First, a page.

7:42 pm on Apr 12, 2016 (gmt 0)

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If they're unnatural outbound links from one site, then they must also be unnatural inbound links to the site that the links point to.

In other words, the companies that provide these products and services to be reviewed are essentially trying to buy links, and are therefore just as "guilty" as the people who do the reviews.
9:23 pm on Apr 12, 2016 (gmt 0)

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when you're getting a free product (or service, etc) in exchange for a post, you need to make sure that the links there are nofollowed

If they can tell that a particular link is "supposed to be" nofollowed, why don't they ### well just ignore the link?
9:40 pm on Apr 12, 2016 (gmt 0)

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If they can tell that a particular link is "supposed to be" nofollowed, why don't they ### well just ignore the link?


To be blunt, a solution to algorithmic weaknesses is manual action + PR. This makes it high risk and high profile.
5:59 am on Apr 13, 2016 (gmt 0)

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It wasn't too long ago that it was stated (by Matt Cutts, possibly) that Google automatically nofollows links to popular affiliate programs like Amazon. This seems to contradict that?!
7:03 am on Apr 13, 2016 (gmt 0)

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...why don't they ### well just ignore the link?
I think that a lot of sites are in the difficulties they're in now because, for several years, Google did just that... they ignored the spammy links unless they were egregious, and mostly there were no negative consequences.

Forum discussions kept speculating about when the hammer would fall, and no one believed that Google really meant it. I think in part that Google may have waited until it was relatively sure there wouldn't be many false positives, but by that point many businesses had come to depend on sites built on very precarious foundations, and the consequences haven't been pretty.

John Mueller has stated explicitly that one of the reasons for Penguin was to make sure that spammers don't do it again. Many webmasters I encounter are still in denial about certain kinds of linking and manipulative behavior related to Penguin.

At least with these particular manual penalties you know more or less what the problem is and what you can do to fix it.
7:28 am on Apr 13, 2016 (gmt 0)

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The more I see of this kind of thing, the more I think of this quote from the movie "All The President's Men": " Forget the myths the media's created about the White House. The truth is, these are not very bright guys, and things got out of hand. "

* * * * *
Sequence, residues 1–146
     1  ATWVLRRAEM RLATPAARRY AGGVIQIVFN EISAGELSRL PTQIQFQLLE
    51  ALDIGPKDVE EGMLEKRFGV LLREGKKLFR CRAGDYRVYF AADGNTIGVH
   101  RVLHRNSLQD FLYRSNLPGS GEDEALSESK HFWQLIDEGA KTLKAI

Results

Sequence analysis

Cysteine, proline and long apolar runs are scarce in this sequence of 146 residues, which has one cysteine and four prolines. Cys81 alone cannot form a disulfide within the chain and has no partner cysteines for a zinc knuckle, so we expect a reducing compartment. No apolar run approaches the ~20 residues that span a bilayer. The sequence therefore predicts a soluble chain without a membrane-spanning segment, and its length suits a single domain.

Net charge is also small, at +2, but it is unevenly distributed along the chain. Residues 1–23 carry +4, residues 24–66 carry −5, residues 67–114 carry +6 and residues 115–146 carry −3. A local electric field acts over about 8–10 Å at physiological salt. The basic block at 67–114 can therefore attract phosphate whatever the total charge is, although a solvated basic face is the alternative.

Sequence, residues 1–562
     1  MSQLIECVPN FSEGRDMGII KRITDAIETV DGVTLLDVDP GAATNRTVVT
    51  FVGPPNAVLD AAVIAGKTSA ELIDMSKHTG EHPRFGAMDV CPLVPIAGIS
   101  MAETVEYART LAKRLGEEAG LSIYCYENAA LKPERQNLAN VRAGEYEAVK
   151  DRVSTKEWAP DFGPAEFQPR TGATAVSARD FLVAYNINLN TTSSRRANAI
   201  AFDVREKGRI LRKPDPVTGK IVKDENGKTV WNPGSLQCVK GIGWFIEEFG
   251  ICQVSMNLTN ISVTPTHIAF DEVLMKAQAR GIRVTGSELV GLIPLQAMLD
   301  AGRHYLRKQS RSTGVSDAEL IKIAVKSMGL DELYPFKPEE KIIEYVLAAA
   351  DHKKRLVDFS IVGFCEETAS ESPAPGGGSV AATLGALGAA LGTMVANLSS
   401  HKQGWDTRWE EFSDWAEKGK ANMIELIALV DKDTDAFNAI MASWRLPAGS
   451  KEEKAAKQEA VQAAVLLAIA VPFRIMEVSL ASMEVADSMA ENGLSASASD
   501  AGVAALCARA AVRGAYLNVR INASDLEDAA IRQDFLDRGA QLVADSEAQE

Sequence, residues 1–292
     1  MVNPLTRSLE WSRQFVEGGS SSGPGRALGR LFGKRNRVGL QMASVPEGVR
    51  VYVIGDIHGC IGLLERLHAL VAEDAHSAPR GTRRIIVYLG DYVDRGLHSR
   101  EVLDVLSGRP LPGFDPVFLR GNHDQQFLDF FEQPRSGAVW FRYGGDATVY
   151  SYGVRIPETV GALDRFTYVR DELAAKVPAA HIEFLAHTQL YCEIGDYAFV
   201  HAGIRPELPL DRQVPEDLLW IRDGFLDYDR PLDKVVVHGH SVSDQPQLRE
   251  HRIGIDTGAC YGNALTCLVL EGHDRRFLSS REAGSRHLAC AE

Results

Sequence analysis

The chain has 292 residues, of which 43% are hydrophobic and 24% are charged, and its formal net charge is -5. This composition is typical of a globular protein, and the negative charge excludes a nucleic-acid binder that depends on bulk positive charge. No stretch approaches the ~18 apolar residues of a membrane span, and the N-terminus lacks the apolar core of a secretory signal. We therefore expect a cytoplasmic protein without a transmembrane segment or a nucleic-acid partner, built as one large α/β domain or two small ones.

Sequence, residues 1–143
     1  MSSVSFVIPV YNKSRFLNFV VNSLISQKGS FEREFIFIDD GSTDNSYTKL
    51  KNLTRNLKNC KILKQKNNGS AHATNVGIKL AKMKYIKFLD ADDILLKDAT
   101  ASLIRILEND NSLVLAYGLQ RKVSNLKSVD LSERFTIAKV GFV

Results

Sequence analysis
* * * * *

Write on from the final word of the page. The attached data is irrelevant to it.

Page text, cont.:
To be blunt, a solution to algorithmic weaknesses is manual action + PR.
No. That's wrong. If there are algorithmic weaknesses, it is because the people creating the algorithm just weren't good enough to design the algorithm to cope with the error condition.

The answer to the problem is, unsurprisingly within the link graph and link network of the site.

Regards...jmcc
7:55 am on Apr 13, 2016 (gmt 0)

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If there are algorithmic weaknesses, it is because the people creating the algorithm just weren't good enough to design the algorithm to cope with the error condition.


Well, quite, but I wasn't suggesting why the weakness occurred, rather a potential solution to it from Google's perspective. Google continue to have problems identifying 'manipulative' links and (quite understandably) want to deter people from undertaking these activities. High profile penalties and press coverage undoubtedly deter people from behaviours that Google dislikes.
7:55 pm on Apr 13, 2016 (gmt 0)

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Totally confused. If the major search engine tells you that your site has a link problem, you correct it,

If you don't then you know the consequences and that's your choice.
6:55 am on Apr 14, 2016 (gmt 0)

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Totally confused. If the major search engine tells you that your site has a link problem, you correct it,

Indeed - self evident.
11:05 am on Apr 14, 2016 (gmt 0)

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So what we SEO have to do, to avoid these bad link in future?